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Moving to the Cloud Concerns Q & A

Moving to the Cloud Concerns Q & A

One of our clients asked us the following question:
“Does anyone not worry that once that hardware is outsourced and access points are strictly based on internet access that down time issues will become more of a major problem?”

It is a great question; however there are many angles to think about when going to the Cloud.
Downtime usually is related to when a server running an application or process is unavailable because of a failure or some other issue which prevents it from working properly. As far as server process and failures on the Cloud provider side, the ones not caused by your own mistakes, can happen. The Cloud providers have redundant services running, thus should one of their data centers has a failure, one would be routed to the failover location.

What happens on your end when your ISP has a failure to your home or office? What do you do then? Unfortunately the major ISPs still have outages and though they may try to keep to their SLAs, they may not be able to reinstate service in time. What do you do?

If you are in an office building that is tied to only one telecom provider, you have two choices. The first is to purchase as many wireless access points as you can from a cell phone company and pay for those monthly perpetually. The second is to find a provider of point to point optical wireless connections from a building in a line of vision from you. Hopefully they have a different telecom provider as well.

If you work from home and are worried about your own access you can usually get a choice between cable, DSL, Fiber and some other options depending on your location.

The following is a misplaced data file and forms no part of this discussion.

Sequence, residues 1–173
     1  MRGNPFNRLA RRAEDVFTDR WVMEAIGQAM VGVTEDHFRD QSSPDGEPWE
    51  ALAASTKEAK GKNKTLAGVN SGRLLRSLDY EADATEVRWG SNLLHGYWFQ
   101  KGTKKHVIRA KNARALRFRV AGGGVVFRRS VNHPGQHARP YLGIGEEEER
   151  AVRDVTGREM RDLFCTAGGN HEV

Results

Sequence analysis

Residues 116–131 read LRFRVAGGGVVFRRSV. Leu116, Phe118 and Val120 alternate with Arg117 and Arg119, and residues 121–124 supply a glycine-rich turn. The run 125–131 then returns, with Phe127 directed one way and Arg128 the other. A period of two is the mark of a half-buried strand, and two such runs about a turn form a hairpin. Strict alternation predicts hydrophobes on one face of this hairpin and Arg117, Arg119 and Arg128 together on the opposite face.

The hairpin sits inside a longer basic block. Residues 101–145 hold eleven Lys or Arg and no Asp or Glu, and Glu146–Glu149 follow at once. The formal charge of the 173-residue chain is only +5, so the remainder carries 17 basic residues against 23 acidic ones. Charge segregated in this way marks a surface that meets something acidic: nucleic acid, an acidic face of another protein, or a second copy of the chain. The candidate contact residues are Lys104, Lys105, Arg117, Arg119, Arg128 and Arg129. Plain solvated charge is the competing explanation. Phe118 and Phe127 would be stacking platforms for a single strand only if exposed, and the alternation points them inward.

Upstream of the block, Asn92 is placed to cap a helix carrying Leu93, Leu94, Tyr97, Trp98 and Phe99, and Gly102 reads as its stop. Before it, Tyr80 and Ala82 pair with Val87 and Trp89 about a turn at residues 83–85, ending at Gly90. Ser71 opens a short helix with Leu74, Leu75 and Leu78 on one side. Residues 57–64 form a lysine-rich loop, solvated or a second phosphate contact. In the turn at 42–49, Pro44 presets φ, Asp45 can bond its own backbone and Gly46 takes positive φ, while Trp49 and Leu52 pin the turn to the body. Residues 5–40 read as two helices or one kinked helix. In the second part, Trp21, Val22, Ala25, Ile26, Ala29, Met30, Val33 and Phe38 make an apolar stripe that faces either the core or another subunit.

Maybe you want to give up an office and work from home?

There is also the support aspect of being in the Cloud which is rarely discussed. You no longer are in control of your network and you need to recognize this is the price you pay for wanting to be free of hardware, real estate lost to data centers, air conditioning and electric bills.

Some vendors provide a “higher” level of support service, for an additional monthly fee of course, but our experience has been it does not necessarily make anything easier…or faster to be rectified.
This move to the Cloud provides flexibility that modern organizations could be taking better advantage of for their employees. Work from home and work on your time, the ISP is down, ok, no big deal, work a later that day or night.

Once you are free of server downtime, upgrades, hardware failures, viruses, security issues you can start to think more strategically about your business directions and processes.
The tradeoff is cheaper, faster (usually) but less SLA and support availability. You can have two out of three make your selection.

If you still want to be “in charge” but not on premises, there is always colocations and hosted servers in the Cloud but those come with much costlier pricing and slightly different headaches.

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